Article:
National Post

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Friday, July 16, 1999

Girl, 15, forced to undergo heart transplant
Judge orders operation

Peter Foster
The Daily Telegraph

LONDON - A 15-year-old girl who said she would rather die than receive a heart transplant was recovering in hospital in Britain yesterday after a High Court judge ruled the operation should go ahead against her wishes.

Judge Robert Johnson took the "grave" step of overruling the girl's request after deciding she was "too overwhelmed" to make an informed decision of her own. He accepted she might resent his decision for the rest of her life.

The girl, known only as M, at first refused treatment despite the pleas of doctors, nurses and her mother.

She said she would "rather die with 15 years of my own heart" than live with someone else's. She added she did not want to spend the rest of her life taking anti-rejection drugs.

The girl, who was said at the end of last week to be "close to death," finally agreed to the operation after the judgment was read to her at her bedside on Wednesday.

Her highly unusual case is dividing opinion among doctors and medical ethicists over the age at which young people are "competent" to determine their own medical treatment.

The ruling also raised the prospect of further court action should M refuse to take her medication in an attempt to enforce her original decision.

Professor Jack Scarisbrick, chairman of the anti-abortion pressure group, Life, described the ruling as "manifestly incoherent."

He argued the transplant would have amounted to "physical assault" if the girl had refused to change her mind before being taken to the operating theatre.

However, others, such as Dr. Andrew Fergusson of the Christian Medical Fellowship, agreed with the judge that M had not had long enough to come to terms with her condition before taking such a momentous decision.

Dr. Fergusson also pointed out the girl's statement to the judge had shown she was confused, containing "intense contradictions," as when she said, "I don't want to die, but I would rather die than have the transplant."

The British Medical Association issued a statement acknowledging the legal and ethical position on young people and medical consent was "complicated and confused," adding it was working on new guidance to clarify decision making.

"Doctors find these situations very difficult because all their instincts are to provide life-saving treatment, but equally they are very reluctant to override the wishes of an unwilling patient who may not recover as well if treatment has been imposed," said Dr. Vivienne Nathanson of the association.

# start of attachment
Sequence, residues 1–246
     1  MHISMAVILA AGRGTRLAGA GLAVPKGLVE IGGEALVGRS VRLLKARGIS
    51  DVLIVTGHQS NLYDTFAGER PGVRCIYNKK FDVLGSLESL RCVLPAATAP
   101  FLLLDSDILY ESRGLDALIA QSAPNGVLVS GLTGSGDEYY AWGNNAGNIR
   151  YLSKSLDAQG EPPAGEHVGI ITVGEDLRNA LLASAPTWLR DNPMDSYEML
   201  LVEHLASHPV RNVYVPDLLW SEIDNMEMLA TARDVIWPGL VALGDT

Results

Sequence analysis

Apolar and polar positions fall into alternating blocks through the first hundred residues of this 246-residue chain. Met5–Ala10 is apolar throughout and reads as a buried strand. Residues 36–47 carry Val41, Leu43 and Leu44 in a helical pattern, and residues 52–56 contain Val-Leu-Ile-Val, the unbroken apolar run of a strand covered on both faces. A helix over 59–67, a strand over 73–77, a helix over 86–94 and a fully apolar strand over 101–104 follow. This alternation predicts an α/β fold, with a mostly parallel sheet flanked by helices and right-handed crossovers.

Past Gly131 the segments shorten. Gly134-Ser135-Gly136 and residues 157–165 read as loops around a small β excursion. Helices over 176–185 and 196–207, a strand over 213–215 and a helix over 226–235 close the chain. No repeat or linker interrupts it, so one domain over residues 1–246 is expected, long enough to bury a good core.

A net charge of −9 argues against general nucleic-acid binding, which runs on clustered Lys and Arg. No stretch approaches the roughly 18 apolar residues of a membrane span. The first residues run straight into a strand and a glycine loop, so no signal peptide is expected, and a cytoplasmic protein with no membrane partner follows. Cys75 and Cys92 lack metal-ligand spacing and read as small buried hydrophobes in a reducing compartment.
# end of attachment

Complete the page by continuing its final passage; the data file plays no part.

The case was resolved in a few hours of intense legal drama late last Friday after M's consultant cardiologist at the Freeman Hospital in Newcastle-upon-Tyne, northeast England, decided she would die within a week if she did not receive the transplant.

The judge was contacted at his home in London. He arranged for a local lawyer specializing in family law to go to the girl's bedside and take a statement of her objections.

These were passed to the Official Solicitor -- responsible for the welfare of minors -- who in the early hours of Saturday morning took them to the judge, submitting that the girl was too ill and confused to make a clear decision.

The judge agreed and made an order authorizing doctors to proceed.

"I was very conscious of the great gravity of the decision I was making in overriding M's wish," he said.

"Seeking to achieve what was best for her required me, on balance, to give the authority that was asked for.

"Events have overtaken her so swiftly that she has not been able to come to terms with her situation. If the operation is successful, then M will live with the consequence of my decision, in a very striking sense.

"There is the risk, too, that she will carry with her for the rest of her life resentment about what has been done to her. Whatever that risk may be -- and it is impossible to assess -- it has to be matched against not simply the risk but the certainty of death."

A hospital spokesman said yesterday M is in "satisfactory condition" after undergoing the operation in the past few days. Her family has asked that no further details to be released.

"While one cannot say she accepted the judge's decision, she was, I think, resigned to the fact," Peter Harris, the official solicitor, said.

"She didn't challenge it in any way. It came as an enormous relief to her parents."

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